Epoxy xtrength?

Here is a question for the 'Pros'. or anyone.
Which is stronger.....6-minute Epoxy...OR... 30-minute Epoxy?
I would assume, they are the same strength.
Earl Scherzinger 'AMA' #40329
Reply to
Earl Scherzinger
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Longer set time usually means "stronger" epoxy. Naturally, the chemistry of the epoxy comes into play, BUT Devcon has pretty good datasheets available here :
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the longer the set time the greater the shear strength seems to hold true.
Reply to
James Beck
On Wed, 27 Sep 2006 15:51:25 GMT, "Earl Scherzinger" wrote in :
All things being equal, I would expect the 30-minute to show some greater strength, if you know how to test it (I don't).
The longer curing time suggests to me that there will be a more thorough polymerization of the compound. Longer molecular chains = more strength (as a general rule).
Reply to
Martin X. Moleski, SJ
I don't know for sure, but in my experience, 30-minute epoxy seems tough, while 5-minute epoxy seems more brittle.
I would also expect that the longer curing time allows deeper peneatration and more strength.
All theory; no test data.
I only use 5-minute if I NEED a quick cure.
Good flying, desmobob
Reply to
Robert Scott
If you are gluing hardwood together, 30 minute is the way to go. 6 minute does not allow enough time for the glue to soak into the wood.
Reply to
Mike Norton
reminds me of the time I tried to glue the deck back on a Lil swamp buggy with 5 min epoxy. NOt only did I not make it, I had to cut off all the epoxy and try again! mk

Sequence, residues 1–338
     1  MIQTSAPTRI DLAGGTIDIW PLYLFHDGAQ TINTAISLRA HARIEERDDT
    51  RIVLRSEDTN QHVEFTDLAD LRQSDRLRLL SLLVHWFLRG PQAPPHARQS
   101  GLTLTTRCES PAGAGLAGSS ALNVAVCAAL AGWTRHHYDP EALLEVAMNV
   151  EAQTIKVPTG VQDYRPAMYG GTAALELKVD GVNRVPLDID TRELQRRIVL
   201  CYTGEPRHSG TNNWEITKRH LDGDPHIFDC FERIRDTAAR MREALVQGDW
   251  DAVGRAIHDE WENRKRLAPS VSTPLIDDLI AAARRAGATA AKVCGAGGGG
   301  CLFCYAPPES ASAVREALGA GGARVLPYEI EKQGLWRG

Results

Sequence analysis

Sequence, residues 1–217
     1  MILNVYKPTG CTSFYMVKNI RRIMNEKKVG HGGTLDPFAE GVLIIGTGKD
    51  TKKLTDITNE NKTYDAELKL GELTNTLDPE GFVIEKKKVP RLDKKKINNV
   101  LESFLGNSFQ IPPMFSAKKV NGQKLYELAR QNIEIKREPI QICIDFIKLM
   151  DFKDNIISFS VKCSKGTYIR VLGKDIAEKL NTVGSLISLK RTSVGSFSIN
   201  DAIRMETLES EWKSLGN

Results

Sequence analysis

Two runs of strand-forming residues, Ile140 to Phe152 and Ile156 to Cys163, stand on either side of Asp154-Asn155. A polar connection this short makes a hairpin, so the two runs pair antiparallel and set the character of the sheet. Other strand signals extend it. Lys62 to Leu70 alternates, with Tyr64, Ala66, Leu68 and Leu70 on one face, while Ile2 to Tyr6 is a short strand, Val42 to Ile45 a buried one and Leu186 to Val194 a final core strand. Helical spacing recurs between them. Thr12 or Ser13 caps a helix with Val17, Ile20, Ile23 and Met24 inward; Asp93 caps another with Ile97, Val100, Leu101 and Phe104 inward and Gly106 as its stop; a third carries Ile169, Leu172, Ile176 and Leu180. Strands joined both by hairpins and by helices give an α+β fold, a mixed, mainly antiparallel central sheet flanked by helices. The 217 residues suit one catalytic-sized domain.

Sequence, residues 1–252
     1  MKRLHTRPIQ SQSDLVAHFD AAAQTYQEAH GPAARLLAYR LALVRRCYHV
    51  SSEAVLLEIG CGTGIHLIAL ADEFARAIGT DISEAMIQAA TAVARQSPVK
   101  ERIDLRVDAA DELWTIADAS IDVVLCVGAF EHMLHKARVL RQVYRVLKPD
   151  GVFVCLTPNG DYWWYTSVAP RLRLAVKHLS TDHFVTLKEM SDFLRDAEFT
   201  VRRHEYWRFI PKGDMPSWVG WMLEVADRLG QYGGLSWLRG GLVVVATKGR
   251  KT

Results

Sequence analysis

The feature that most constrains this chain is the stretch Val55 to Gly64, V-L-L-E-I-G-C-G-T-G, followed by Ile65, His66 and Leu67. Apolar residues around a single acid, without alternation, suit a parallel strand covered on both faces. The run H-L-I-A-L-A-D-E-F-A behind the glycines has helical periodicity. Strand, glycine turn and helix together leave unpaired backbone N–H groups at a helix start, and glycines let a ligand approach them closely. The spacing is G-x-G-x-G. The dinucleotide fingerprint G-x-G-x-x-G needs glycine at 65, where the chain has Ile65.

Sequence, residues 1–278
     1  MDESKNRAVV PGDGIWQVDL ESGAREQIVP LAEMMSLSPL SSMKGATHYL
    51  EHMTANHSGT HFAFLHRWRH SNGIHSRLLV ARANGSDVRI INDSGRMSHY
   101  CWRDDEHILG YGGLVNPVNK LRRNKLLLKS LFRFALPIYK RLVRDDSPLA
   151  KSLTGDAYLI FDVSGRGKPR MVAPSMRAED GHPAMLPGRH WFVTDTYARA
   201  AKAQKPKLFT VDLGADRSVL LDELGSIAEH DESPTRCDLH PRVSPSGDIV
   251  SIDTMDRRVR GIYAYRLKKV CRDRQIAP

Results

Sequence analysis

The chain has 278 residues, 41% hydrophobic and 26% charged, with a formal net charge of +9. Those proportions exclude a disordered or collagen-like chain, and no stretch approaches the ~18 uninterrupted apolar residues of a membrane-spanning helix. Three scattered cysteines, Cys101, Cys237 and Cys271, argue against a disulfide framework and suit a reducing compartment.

Reply to
30 min epoxy CAN BE stronger than 6 min...
The longer pot life allows the stuff to form longer molecular chains.
But... in most cases, the 6 min is stronger than what you are gluin with it, so the extra strength of the 30 min is often moot.
2hr epoxy soaks into the wood better, because its typically thinner an has more time to do it... that adds up to a significantly stronger join even with the same material strength.
It all makes sense when you think about it
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Reply to
| If 6 minute Epoxy were stronger than 30 minute, there would be no reason to | have 30 minute would there?
Now, that's hardly true.
What if you need more than six minutes to get everything all set up and adjusted? And in my experience, if it says six minutes, that generally means I've got about three minutes to get my act together once I mix it all up before it starts getting sticky enough that it's hard to work with.
Mostly because of that, I generally prefer the two hour epoxy -- I get more time to make things `just right', and it may be stronger than the 30 minute epoxy. I generally save the 5-6 minute epoxy for field repairs.
Reply to
Doug McLaren
It is not a hard and fast rule that quicker cure times mean less strength.. but that is only true when speaking of the adhesive itself, not it's interaction with the substrate. When working with porous substrates, it is true that longer cure time can improve wetting of the substrate, which ultimately determines how many square inches of bond area you achieve per square inch of projected area - which as you can imagine is a major factor in the quality of the bond. And also, please remember that there are several curative chemistries, it's not as if there is a generic 5, 30, 60 minute and 24 hour curative for epoxies and that's it.